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CONSTRUCTION ENABLED BY INTERNET OF THINGS

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A TECHNO-MANAGERIAL SEMINAR PRESENTATION

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CONSTRUCTION ENABLED BY INTERNET OF THINGS

  1. 1. 1
  2. 2.  INTRODUCTION  PROBLEMS IN THE CONSTRUCTON INDUSTRY  THREE COMPONENTS  PREFABRICATED CONSTRUCTION  BUILDING INFORMATION MODELLING  MITBIMP  CASE STUDY  CONCLUSION  REFERENCE 2
  3. 3.  The world population is growing at an alarming rate, apparently increasing the demand for shelter in terms of houses, public utility centres, industries etc.  Increasing demand has led to the development of smarter and innovative technologies.  Computer Aided Design has completely took control over the designing process, which has led to the development of cutting edge technologies.  Building Information Modelling enabled with Internet of things is one such technology which has created a revolution in theArchitecture Enggineeering and Construction( AEC) industry, enabling the smartest quickest and sustainable development of projects. 3
  4. 4.  30% of projects do not meet original program or budget  92% of clients said that the designers drawing are typically not sufficient for construction  37% of materials used in construction site becomes waste  10% of the cost of a project is typically due to change orders  38% of carbon emissions are from buildings not cars  Severe dust pollution  Less availability of labours Source: CMMA Industry Economiic Magazine 4
  5. 5. PREFABRICATION BUILDING INFORMATION MODELLING INTERNET OF THINGS 5
  6. 6.  Practice of manufacturing the components of a structure in a factory and transporting complete or semi-complete assemblies to the construction site .  enables the fastest development of construction projects in the most economical and sustainable way. 6
  7. 7. Prefabricated modular construction 7
  8. 8. ASSEMBLING OF THE MODULAR UNITS Industrial production units 8
  9. 9.  Quick development of projects.  Less amount of space required.  Lesser amount of waste generation.  Lesser traffic congestion.  Energy conservation.  Better quality control due to industrialised production.  Less amount of pollution due to dust and noise than in- situ construction.  Less amount of labours.  Less amount of scaffoldings are required. 9
  10. 10. MINI SKY CITY 57 STOREY BUILDING BUILT IN 19 DAYS CENTRAL CHINA 10 INSATACON CONSTRUCTED IN 48 HRS IN MOHALI INDIA (10 STORIES)
  11. 11.  It is an accurate virtual model of a building is digitally constructed.  It helps to visualize what is to be built in a simulated environment to identify any potential design, construction, or operational issues.  plays an important role in supporting prefabrication- based construction due to its powerful management of physical and functional digital presentations. 11
  12. 12.  Better and effective communication with stakeholders regarding goals and requirements of a project.  Better depiction of reality using model makes easier to understand and see the consequences of decisions that are made in pre-construction phase.  Reduced number of change orders, conflict and request for information.  Clash detection of different systems at design stage.  Error less, reliable and coordinated design and drawings.  Construction site can be effectively managed using visualization.  Crane location and operation can be visualized early.  Logistic organization can be planned better. 12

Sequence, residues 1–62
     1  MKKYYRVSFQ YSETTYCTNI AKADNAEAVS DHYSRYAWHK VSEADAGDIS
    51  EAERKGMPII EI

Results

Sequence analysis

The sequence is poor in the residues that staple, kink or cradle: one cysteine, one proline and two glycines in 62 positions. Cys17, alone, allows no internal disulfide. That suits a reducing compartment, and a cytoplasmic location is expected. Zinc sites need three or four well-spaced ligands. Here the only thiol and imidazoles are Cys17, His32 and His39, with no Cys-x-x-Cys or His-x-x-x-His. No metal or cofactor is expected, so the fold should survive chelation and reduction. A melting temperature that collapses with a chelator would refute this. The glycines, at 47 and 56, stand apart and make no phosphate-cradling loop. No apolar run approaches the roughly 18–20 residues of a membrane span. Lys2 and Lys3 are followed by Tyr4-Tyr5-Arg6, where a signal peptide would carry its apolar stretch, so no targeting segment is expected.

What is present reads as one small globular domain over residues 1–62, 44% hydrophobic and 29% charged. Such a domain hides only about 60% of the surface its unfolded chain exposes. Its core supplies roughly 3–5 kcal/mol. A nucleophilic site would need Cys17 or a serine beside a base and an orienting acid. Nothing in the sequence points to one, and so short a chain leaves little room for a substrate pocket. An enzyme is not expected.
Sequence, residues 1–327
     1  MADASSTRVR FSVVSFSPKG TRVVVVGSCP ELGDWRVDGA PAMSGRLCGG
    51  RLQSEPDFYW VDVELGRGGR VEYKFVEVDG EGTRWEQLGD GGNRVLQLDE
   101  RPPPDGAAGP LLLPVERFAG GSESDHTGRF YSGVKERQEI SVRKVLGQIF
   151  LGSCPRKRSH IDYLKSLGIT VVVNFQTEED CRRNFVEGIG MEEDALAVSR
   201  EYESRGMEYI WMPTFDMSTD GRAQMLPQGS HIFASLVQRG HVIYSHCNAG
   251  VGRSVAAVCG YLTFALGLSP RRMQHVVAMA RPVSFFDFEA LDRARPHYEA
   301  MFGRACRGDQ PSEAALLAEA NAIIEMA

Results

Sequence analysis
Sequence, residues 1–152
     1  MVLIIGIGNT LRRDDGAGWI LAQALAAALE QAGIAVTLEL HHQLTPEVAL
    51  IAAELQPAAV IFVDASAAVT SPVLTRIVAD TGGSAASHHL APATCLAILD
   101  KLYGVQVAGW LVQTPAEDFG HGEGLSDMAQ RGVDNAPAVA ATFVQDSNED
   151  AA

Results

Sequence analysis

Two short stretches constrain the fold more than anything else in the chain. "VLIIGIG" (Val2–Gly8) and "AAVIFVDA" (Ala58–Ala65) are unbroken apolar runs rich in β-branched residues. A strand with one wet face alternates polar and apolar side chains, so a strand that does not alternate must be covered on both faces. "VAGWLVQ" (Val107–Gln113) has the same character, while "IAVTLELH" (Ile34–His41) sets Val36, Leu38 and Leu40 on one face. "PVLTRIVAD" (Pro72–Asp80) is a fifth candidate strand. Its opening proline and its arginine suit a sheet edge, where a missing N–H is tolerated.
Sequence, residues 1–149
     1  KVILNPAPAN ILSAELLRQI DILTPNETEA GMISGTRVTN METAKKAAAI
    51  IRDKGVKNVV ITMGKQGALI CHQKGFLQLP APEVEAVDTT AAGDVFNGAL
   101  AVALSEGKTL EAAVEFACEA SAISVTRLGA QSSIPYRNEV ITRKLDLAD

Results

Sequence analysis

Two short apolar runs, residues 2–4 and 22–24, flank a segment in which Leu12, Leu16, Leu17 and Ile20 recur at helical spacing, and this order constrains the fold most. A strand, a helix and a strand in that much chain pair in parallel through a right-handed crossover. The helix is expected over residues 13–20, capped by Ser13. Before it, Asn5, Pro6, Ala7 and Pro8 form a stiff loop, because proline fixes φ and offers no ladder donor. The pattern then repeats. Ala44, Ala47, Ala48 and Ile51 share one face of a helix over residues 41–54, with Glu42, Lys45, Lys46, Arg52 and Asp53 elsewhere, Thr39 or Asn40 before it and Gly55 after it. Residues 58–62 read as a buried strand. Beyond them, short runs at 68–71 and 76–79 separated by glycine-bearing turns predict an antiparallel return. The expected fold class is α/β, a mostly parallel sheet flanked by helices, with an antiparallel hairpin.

13. 13. Light analysis using BIM Wind Analysis usin BIM 13
  14. 14. detection of clashes 14
  15. 15.  Data collection from prefabrication manufacturing to on- site construction uses paper-based manual operations, thus captured data are prone to be incomplete, inaccurate and inadequate.  Information sharing between different parties is confined due to the adoption of traditional methods of communication such as e-mail, phone calls and fax. Lost information, ineffective communication and risk aversion are common in construction project.  Delay in the procurement of real time information such as the status of pre-cast components, delivery progress, and the location of components due to manual input operations so that gaps among involved parties exist, casing poor visibility and traceability. 15
  16. 16.  Adding new features into BIM we can make it into a multidimensional system, the other dimensions being time, cost or any other such additional information.  Internet of Things, with Radio Frequency Identification (RFID) is used to facilitate supply chain management, safety management, facility management and activity monitoring.  Laser scanning has been proposed for collecting geometric and spatial data for BIM.  Sensors for temperature, force, and positioning have also been used to collect real time information for better construction. 16
  17. 17.  Multidimensional BIM platform came into picture when the conventional BIM was largely disconnected from the real life physical building throughout the life cycle.  Manually updating information in a BIM in line with the physical building process has been found to be interruptive, tedious time consuming and error prone.  A conceptual frame work has been developed for information sharing with the help of Internet of Things. 17
  18. 18. 18
  19. 19. I. Prefabrication production services II. Prefabrication logistic services III. Prefabricated on site assembly services 19